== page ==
Few Board Members would argue with the adage "You have to spend money to make money." Yet campus leaders often quibble about how much to spend to raise money or what funds to use to finance campaign costs. Perhaps a more pertinent expression when it comes to paying for fund-raising is "Everybody wants to go to heaven but nobody wants to die."
Stated more bluntly, everyone wants to reach the campaign's goals, but no one wants to pay the necessary costs. Depending on the maturity of the program and the scale of the effort, fund-raising costs can range from 4 cents to 25 cents to raise a dollar. Even if we assume the cost is 20 cents per dollar-the higher end of the scale-that would yield a 500 percent return. Not a bad investment.
Many universities engage in major campaigns with the goal of building their endowments. Generally, such campaigns must include a number of giving options and require significant up-front expenditures to succeed. For example, expanding the capacity for planned giving may involve hiring a well-paid staff whose benefit to the endowment will not be realized for several years. Consider the investment in a planned-giving staff member earning $100,000 per year who brings in three $1 million dollar irrevocable trusts with 20-year life expectancies. The present value of these gifts is $1.5 million or approximately a 1,400 percent return on investment.
Just as they do in business markets, opportunities and strategies in fund-raising change. Campaign directors might see the need to initiate a telephone solicitation program. They might decide to provide opportunities for Web-based pledging to capture new donors. Or they might hire that planned-giving staff member. All require an investment, all must be calculated into the overall costs of fund-raising, and all will provide returns far in excess of any returns reaped in the market.
If the logic is so compelling, why is there such resistance? A review of the emotional components of evaluating the costs of fund-raising may shed some light on the matter. Let us examine this issue from several perspectives.
From the donor's perspective: Donors contribute for many reasons, but they do so mostly because they want to support a worthwhile cause. Yet most are unfamiliar with the costs of sustaining a fund-raising program. They assume such costs are small and should be borne by the organization.
From the perspective of state government: Many states prohibit the use of state dollars for fund-raising. The policy consideration is not about prudent investment but about control. Because states cannot control the expenditure of public university-related foundation funds, many are unwilling to use state dollars to secure private support. A case could be made that permitting this use of state dollars would provide the highest rate of return on any investment of public money for a valid public purpose, but that's another story.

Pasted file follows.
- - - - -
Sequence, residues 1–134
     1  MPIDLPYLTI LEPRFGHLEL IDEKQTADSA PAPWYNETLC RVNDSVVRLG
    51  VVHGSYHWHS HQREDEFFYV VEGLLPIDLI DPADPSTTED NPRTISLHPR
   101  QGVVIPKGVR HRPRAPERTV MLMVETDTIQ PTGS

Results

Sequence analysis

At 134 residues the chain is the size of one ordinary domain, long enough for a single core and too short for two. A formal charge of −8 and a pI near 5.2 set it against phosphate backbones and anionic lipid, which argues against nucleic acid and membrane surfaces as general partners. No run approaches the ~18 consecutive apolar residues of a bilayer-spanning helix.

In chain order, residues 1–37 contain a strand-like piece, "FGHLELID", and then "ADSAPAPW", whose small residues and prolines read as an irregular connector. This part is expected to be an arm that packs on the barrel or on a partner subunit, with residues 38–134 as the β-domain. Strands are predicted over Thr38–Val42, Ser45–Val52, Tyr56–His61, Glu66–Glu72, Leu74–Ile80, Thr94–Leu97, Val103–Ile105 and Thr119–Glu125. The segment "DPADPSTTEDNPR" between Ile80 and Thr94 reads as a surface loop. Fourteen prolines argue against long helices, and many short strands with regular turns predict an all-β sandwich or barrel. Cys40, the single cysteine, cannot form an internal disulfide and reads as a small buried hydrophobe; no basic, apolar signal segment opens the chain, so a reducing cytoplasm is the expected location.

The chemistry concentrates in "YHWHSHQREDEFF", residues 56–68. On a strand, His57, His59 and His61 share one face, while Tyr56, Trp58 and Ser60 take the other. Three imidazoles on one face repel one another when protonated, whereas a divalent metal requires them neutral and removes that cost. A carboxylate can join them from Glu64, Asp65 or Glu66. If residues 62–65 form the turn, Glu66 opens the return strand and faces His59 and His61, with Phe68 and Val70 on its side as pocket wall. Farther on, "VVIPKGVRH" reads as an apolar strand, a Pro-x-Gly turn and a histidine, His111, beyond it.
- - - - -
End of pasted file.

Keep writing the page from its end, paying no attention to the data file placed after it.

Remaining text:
From the institution's perspective: Public institutions are funded at levels most campus officials perceive as inadequate. Many struggle to make it from one year to the next. Hence, it is difficult for many even to consider long-term investments in fund-raising. They believe someone else should support this "overhead" cost just as other overhead expenses are handled.
What is the best solution? Direct as much money as possible toward the needs of the university while simultaneously investing in the development function to maximize its yield and maintain strong relationships with donors. The most frequently used sources of funds for such an investment are the endowment fee, a percentage of each gift, and institutional support. On balance, the endowment fee is the least objectionable source of support, perhaps because it is the least visible.
What is the best solution? Direct as much money as possible toward the needs of the university while simultaneously investing tin the development function to maximize its yield and maintain strong relationships with donors. The most frequently used sources of funds for such an investment are the endowment fee, a percentage of each gift, and institutional support. On balance, the endowment fee is the least objectionable source of support, perhaps because it is the least visible.
Certainly no one wishes to spend more money on fund-raising than is necessary. But when compared with other investments institutions can make, an appropriate investment in raising money provides an exceptional return. Just stop and think about it.
Charles W. Steger is president of Virginia Tech in Blacksburg, VA
Custom Development Solutions, Inc. (CDS) is one of the most sought after fundraising consulting firms specializing in the strategic planning and tactical execution of capital campaigns for non-profits throughout the United States and Canada. If you have a fundraising question, please call CDS at 800-761-3833 or send an email to email@example.com.